- A new report found that having one additional cup of coffee each day was linked to a 4 to 6% lower risk of type 2 diabetes.
- The new study measured various hormones and inflammatory markers in coffee drinkers.
- It suggests that coffee may have anti-inflammatory effects along with an impact on hormones.
Drinking coffee every day may help lower your risk of type 2 diabetes, according to new research.
The report, published in the journal Clinical Nutrition Wednesday, found that having one additional cup of coffee each day was linked to a 4 to 6% lower risk of type 2 diabetes.
Past research has associated coffee with a lower risk of type 2 diabetes, but the mechanisms behind the beverage’s effects haven’t been well understood.
The new study, which measured various hormones and inflammatory markers in coffee drinkers, suggests that coffee may have anti-inflammatory effects along with reducing insulin resistance, lowering with a significant impact on hormones including leptin and adiponectin.
According to Dr. Marilyn Tan, an endocrinologist and the chief of the Stanford Endocrine Clinic, inflammation can increase insulin resistance and therefore one’s diabetes risk. Tan was not involved in the study.
“The suggestion that coffee reduces inflammatory markers is helpful at elucidating the mechanism by which coffee may improve insulin [sensitivity] or blood sugars,” Tan told Healthline.
The researchers evaluated the health data of 152,479 individuals sourced from the UK Biobank and the Rotterdam Study.
They looked at how much coffee the individuals drank daily — between 0 to around 6 cups — along with the incidence of type 2 diabetes over a period of up to 13 years.
The team also evaluated measures of insulin resistance and concentrations of inflammatory markers, including C-reactive protein (CRP), leptin, and adiponectin, via fasting blood samples.
The team found that having an extra cup of coffee each day was associated with a 4 to 6% lower risk of diabetes.
Higher coffee consumption was associated with lower levels of CRP and leptin, pro-inflammatory markers, and higher levels of interleukin-13 and adiponectin concentrations, which have anti-inflammatory effects.
Adiponectin has an insulin-sensitizing effect that can help lower blood glucose levels.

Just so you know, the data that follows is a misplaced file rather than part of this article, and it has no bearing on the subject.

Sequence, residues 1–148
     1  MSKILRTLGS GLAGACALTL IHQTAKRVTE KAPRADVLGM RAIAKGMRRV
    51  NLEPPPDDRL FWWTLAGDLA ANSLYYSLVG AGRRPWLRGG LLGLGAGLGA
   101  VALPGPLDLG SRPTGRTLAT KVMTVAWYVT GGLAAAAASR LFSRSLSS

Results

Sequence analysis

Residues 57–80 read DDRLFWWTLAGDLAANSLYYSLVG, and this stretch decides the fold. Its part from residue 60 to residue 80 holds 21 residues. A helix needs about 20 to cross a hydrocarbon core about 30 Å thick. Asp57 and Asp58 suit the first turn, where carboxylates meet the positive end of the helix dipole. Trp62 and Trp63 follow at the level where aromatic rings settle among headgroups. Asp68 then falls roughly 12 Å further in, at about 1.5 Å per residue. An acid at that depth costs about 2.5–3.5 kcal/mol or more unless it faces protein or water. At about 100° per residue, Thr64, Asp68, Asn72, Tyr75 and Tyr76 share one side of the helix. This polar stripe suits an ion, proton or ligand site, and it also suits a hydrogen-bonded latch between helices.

The researchers suspect that coffee helps reduce inflammatory biomarkers that are known to increase when inflammation’s in the body, as is the case with type 2 diabetes.
The researchers also believe that the type of coffee matters — filtered or espresso coffee was associated with the greatest risk reduction.
The findings are in line with previous
“The mediating estimates of inflammation provide evidence on a key hypothesized mechanism,” Odegaard said, noting that more evidence is needed to understand the potential mechanisms.
Tan says people with diabetes and those at risk for the condition should feel comfortable drinking black coffee or espresso, however, she wouldn’t necessarily prescribe it to people looking to protect themselves.
“There are other measures that have been better studied to reduce diabetes risk, cardiovascular risk, weight, and overall health,” Tan said.
To lower one’s risk of diabetes, Tan’s suggests getting more physical activity, limiting sedentary time, avoiding smoking and alcohol, eating a balanced diet, and, if possible, avoiding certain medications that can increase hyperglycemia.
She also encourages people to be mindful of the type of coffee they drink.
“I would also remind patients that the study noted the most benefit from filtered coffee or espresso and not from coffee beverages that can contain very high amounts of sugar and fat,” Tan said.
A new study found that drinking one additional cup of coffee each day was linked to a 4 to 6% lower risk of type 2 diabetes. The researchers believe that coffee may have anti-inflammatory effects and may impact hormones that affect blood glucose levels. While these findings, in addition to past evidence, suggest coffee may have anti-inflammatory and insulin-sensitizing effects, endocrinologists recommend sticking with the preventative measures that are known to work: exercise, eat healthy, don’t smoke, and limit alcohol.